<{POST_SNAPBACK}>

Christians were very good at spreading their faith by making it amenable to pagan traditions. Despite Jesus's death, Easter is a time of rejoicing for Christians because his resurrection is what is stressed. To them it is a very literal "rebirth of life". It isn't surprising that they wouldn't find it offensive, the mixture between pagan and Christian ideas is very thorough when it comes to holidays/traditions.

~Aurelia

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Christians were very good at spreading their faith by making it amenable to pagan traditions. Despite Jesus's death, Easter is a time of rejoicing for Christians because his resurrection is what is stressed. To them it is a very literal "rebirth of life". It isn't surprising that they wouldn't find it offensive, the mixture between pagan and Christian ideas is very thorough when it comes to holidays/traditions.

Oh, I know - the Christians were great at ripping off former, secular celebrations. A benevolent celebration of the rebirth of actual life becomes twisted into the resurrected Jesus - a point I further made.

To my way of thinking, realizing that Easter was simply force-fit into an ancient secular celebration further shows the hypocrisy and rationalizations of the creators of Christianity - but you are probably right that many people don't look at it that way.

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[...] Easter was originally a pagan holiday intended to celebrate the rebirth of life with the coming of spring. [...]

<{POST_SNAPBACK}>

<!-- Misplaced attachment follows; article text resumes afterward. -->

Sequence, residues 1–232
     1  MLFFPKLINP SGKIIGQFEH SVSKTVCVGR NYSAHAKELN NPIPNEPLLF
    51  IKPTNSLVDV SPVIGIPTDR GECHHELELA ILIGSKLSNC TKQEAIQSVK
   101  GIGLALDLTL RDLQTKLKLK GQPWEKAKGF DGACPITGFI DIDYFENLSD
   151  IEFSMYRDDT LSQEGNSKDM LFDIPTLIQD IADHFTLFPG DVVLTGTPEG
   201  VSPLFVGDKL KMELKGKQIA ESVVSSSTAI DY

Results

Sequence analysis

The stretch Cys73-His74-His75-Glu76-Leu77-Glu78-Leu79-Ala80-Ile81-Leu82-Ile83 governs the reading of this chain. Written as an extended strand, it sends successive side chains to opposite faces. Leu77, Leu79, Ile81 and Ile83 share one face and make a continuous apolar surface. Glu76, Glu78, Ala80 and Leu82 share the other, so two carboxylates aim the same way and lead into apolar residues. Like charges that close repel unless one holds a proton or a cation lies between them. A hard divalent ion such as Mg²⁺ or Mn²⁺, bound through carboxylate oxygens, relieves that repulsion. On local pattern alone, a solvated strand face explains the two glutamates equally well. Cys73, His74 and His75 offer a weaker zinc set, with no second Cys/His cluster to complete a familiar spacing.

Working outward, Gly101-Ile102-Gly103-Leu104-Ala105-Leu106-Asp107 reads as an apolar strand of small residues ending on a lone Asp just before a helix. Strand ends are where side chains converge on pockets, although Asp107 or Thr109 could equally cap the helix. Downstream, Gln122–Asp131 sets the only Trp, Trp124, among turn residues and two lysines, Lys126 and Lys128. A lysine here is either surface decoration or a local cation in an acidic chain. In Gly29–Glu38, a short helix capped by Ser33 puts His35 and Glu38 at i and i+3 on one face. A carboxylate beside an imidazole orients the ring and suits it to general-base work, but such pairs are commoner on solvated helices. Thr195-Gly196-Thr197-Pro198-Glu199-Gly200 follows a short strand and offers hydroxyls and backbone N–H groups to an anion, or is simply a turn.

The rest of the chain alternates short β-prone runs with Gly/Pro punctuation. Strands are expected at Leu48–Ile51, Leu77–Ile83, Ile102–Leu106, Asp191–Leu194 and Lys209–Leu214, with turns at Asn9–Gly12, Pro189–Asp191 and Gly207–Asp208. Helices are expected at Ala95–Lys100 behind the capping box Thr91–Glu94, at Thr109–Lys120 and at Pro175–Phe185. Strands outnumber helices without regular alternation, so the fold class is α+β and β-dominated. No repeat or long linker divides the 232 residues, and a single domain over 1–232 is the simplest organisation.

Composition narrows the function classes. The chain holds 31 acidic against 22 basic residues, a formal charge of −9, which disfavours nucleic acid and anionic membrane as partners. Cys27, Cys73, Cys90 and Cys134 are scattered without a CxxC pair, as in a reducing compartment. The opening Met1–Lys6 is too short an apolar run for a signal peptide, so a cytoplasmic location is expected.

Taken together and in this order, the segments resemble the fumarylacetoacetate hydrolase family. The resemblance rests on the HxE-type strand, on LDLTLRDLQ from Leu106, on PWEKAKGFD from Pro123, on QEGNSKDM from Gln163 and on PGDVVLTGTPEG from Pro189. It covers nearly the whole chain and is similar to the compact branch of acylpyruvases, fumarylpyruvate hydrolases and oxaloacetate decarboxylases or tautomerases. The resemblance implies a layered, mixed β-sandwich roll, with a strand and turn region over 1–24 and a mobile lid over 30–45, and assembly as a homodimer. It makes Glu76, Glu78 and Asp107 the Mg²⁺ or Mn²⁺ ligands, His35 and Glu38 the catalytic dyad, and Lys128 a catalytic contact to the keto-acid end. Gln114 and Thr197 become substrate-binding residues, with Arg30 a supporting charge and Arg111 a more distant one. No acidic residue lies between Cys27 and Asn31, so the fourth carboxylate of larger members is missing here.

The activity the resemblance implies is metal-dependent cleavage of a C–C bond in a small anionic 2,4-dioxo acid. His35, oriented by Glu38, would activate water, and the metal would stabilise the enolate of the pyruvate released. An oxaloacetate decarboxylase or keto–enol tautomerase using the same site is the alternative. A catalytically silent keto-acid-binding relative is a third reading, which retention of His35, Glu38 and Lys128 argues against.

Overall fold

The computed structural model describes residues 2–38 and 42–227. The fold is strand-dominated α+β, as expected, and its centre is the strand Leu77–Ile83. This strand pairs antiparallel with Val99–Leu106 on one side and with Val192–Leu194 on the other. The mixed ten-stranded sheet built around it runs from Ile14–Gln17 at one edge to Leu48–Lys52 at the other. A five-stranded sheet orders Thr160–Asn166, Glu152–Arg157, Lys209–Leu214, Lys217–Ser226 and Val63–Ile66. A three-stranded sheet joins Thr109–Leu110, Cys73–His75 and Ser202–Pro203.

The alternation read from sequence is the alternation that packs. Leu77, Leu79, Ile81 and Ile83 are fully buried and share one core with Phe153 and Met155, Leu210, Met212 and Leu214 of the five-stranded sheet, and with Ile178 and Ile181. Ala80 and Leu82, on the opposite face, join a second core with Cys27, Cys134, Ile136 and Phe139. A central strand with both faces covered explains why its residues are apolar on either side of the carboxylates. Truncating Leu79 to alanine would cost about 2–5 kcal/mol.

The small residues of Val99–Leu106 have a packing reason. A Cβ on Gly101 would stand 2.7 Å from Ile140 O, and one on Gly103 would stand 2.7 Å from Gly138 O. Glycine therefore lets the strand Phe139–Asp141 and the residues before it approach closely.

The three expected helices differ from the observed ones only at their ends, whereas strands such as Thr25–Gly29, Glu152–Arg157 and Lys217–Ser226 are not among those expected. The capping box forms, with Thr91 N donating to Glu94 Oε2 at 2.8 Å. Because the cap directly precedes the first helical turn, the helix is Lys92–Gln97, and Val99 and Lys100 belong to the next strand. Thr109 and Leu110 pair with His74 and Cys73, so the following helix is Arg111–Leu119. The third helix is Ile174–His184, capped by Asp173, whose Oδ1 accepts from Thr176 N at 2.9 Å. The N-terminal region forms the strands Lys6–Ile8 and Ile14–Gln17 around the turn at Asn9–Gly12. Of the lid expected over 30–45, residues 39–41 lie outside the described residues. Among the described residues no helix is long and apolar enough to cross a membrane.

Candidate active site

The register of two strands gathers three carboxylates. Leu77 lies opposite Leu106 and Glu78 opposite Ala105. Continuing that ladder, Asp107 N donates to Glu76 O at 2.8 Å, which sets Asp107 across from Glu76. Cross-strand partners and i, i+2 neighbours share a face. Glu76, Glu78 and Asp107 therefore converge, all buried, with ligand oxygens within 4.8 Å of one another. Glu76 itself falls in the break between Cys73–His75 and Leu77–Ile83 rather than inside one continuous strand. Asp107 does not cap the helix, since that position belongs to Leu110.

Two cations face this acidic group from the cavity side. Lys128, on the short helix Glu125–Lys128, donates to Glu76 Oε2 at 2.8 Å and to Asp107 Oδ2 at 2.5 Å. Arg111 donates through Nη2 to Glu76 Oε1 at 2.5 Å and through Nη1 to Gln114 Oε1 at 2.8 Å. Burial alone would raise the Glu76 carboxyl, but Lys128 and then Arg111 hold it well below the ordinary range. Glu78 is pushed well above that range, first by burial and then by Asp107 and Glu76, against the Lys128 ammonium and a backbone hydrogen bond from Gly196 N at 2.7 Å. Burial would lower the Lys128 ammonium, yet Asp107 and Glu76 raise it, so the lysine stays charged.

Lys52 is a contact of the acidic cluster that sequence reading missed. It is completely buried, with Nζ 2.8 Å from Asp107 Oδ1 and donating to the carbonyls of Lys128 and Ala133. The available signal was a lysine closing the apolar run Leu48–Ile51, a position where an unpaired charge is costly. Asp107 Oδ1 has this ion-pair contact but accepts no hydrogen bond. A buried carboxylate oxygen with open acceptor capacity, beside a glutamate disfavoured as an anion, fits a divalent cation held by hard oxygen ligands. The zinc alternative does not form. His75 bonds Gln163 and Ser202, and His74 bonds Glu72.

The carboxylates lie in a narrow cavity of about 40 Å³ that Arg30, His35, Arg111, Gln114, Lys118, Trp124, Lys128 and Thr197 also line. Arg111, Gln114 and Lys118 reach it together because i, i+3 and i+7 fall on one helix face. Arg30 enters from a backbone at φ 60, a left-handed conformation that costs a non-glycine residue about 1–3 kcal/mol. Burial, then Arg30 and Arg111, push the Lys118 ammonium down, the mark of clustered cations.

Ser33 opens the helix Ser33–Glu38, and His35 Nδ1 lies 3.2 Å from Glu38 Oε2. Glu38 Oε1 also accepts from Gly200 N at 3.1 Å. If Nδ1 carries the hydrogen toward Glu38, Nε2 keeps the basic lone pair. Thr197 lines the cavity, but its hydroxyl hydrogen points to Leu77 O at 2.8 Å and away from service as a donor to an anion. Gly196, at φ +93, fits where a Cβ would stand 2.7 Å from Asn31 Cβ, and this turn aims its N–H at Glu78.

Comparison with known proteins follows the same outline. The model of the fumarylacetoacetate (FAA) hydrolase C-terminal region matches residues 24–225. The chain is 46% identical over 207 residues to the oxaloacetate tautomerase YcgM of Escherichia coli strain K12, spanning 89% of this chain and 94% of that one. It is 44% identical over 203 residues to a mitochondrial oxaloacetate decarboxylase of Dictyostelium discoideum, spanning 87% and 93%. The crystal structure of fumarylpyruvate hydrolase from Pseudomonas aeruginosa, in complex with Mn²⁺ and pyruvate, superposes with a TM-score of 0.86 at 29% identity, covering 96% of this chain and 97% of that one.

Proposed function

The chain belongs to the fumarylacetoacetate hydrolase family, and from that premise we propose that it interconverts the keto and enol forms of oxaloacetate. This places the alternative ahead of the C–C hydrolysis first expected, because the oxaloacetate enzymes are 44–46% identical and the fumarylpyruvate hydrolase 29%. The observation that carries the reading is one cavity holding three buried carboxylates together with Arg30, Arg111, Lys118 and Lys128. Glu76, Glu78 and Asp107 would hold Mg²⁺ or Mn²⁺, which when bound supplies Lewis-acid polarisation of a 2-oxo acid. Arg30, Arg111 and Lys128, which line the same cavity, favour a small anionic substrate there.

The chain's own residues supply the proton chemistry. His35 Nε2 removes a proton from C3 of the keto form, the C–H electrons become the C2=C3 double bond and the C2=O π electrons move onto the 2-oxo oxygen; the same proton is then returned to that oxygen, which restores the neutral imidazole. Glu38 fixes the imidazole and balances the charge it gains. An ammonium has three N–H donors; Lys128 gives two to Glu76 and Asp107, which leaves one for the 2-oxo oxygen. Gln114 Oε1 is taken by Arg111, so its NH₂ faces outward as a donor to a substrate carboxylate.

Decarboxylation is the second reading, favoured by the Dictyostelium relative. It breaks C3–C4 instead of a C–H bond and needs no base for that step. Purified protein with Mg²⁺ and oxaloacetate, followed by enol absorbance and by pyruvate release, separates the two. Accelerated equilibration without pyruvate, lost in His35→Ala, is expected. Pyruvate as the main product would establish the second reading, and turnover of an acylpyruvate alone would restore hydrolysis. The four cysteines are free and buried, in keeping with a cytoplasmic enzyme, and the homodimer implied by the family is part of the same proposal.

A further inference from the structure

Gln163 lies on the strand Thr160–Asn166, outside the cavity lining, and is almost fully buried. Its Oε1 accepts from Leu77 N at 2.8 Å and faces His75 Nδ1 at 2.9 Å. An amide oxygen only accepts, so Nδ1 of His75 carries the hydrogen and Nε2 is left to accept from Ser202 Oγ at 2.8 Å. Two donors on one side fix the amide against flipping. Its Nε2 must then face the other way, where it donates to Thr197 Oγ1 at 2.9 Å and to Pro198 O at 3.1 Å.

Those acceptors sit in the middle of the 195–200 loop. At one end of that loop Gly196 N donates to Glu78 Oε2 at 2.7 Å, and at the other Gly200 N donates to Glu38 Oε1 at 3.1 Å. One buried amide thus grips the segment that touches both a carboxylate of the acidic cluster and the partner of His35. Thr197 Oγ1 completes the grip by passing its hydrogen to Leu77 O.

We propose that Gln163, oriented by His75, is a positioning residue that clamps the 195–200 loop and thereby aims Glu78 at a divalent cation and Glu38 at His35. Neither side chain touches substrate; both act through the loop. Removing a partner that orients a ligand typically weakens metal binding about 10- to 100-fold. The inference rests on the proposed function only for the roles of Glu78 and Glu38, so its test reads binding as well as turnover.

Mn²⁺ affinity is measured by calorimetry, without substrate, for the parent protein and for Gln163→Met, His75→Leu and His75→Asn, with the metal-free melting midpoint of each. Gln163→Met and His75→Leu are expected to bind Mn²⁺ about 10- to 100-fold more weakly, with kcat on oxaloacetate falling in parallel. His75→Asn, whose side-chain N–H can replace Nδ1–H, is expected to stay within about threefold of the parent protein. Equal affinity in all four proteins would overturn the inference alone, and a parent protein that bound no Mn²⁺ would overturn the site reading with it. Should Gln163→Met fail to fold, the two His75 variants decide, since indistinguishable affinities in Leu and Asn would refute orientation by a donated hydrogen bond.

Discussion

In a later post, post 4, you speak of secularity. Weren't ancient "pagans" religious rather than "secular" (in our modern use of that term)?

Weren't the ancient world's celebrations, of the return of life after winter, religious in that they were directed to a celebration of a decision by the gods to bring growth?

I question whether secularity and paganism should be equated, if that is what you meant to do. My understanding is that most people in the ancient world were religious. They believed that they shared the world with a hierarchy of gods of various ranks and that the gods -- as well as men -- determined events in the world.

My reading in this subject is very limited. However, I would suggest, based on that limited experience, two works: (1) Walter Burkert, Greek Religion; and (2) Ramsay McMullen, Paganism in the Roman Empire. The latter, unfortunately, is difficult to read. However, McMullen's Paganism and Christianity, 100-425 CE, a Sourcebook, makes intriguing reading of primary sources -- short writings by both pagans and Christians living at the time.